How Much Longer Before the Bitcoin Bubble Pops?

As was previously discussed, the adventures of Bitcoin are nothing new. Just as we’ve seen with “hot stocks” in the past, the story is expected to end similar to a roller-coaster ride — with a lot of screaming, a few tears, and with almost all participants getting off the ride feeling a little dazed. Things will not end very well for investors, but rest assured, the amusement park will still be there next year.

Over the past few days, investors have seen their holdings move substantially lower as the price of Bitcoin approached US$9,500 per coin only to recover to almost US$12,000, as the excitement to buy and sell (speculate) has taken over the currency. Unfortunately for many investors who have chosen to place their money in Bitcoin or other cryptocurrencies, the result has been far different than expected (when buying currency).

Typically for investors who purchase currencies, it is most often done in an effort to reduce risk and to potentially conserve purchasing power. Cryptocurrencies, however, have risen in value in such a substantial manner that it has attracted traders to the market who are prepared to move the currency in either direction in the hopes to make a profit. Remember: for traders, volatility is a good thing.

Going back to the technology bubble of 2000, it took approximately one month for the NASDAQ to lose 25% of its value (once it peaked at 5,000 points), and then it proceeded to do very little in the month that followed.

Looking to the currency space, investors need to keep calm and remember that during the euphoria of 2000, many made a lot of money very quickly, and then went on the increase their leverage only to see the market collapse in the weeks or months that followed. Bitcoin will be no different.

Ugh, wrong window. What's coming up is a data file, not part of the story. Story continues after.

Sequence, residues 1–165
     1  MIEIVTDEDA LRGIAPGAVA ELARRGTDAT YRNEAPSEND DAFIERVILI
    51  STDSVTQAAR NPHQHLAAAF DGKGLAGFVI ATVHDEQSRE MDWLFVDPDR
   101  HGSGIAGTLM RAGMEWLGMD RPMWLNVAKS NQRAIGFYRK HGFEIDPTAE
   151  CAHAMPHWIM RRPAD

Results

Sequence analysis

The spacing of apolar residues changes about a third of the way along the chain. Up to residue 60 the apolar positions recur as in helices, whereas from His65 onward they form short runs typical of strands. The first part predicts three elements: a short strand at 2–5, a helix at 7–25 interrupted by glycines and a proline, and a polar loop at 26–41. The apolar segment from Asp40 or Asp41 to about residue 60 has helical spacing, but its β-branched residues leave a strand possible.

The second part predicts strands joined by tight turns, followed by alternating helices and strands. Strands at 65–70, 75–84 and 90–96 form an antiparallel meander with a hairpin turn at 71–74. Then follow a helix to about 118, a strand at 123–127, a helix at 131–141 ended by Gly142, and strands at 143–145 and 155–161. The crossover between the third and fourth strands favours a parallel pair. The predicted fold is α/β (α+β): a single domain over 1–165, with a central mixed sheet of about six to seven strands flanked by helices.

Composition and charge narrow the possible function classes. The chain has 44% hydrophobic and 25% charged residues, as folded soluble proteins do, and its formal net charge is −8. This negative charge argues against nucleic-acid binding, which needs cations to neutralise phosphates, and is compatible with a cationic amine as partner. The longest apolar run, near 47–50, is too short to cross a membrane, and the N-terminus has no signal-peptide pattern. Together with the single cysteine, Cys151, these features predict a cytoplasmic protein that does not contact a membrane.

As was the case for the most established companies, such as Microsoft Corporation (NASDAQ:MSFT) and Amazon, Inc. (NASDAQ:AMZN) in the United States, and companies such as Descartes Systems Group Inc. (TSX:DSG)(NASDAQ:DSGX) in Canada, the share price declines were massive, yet the companies did not go out of business. In many cases, it took a decade or so for shares to recover and the internet to regain its popularity.

The main positive that came out of the technology bubble euphoria was a building of infrastructure (for the internet) and an increase in main street awareness that was sorely lacking for the industry. In the case of the technology bubble, the molasses eventually melted and started to flow once again — it just took a really long time.

When evaluating the cryptocurrency situation, we are clearly in uncharted territories with very little history to work off of. The expectation of a three-week window for cryptocurrency (or Bitcoin) to crash is probably the best estimate we can make. From there, it may take a long time before love returns to the sector.

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John Mackey, CEO of Whole Foods Market, an Amazon subsidiary, is a member of The Motley Fool’s board of directors. Teresa Kersten is an employee of LinkedIn and is a member of The Motley Fool’s board of directors. LinkedIn is owned by Microsoft. Fool contributor Ryan Goldsman has no position in any of the stocks mentioned. David Gardner owns shares of Amazon. The Motley Fool owns shares of Amazon.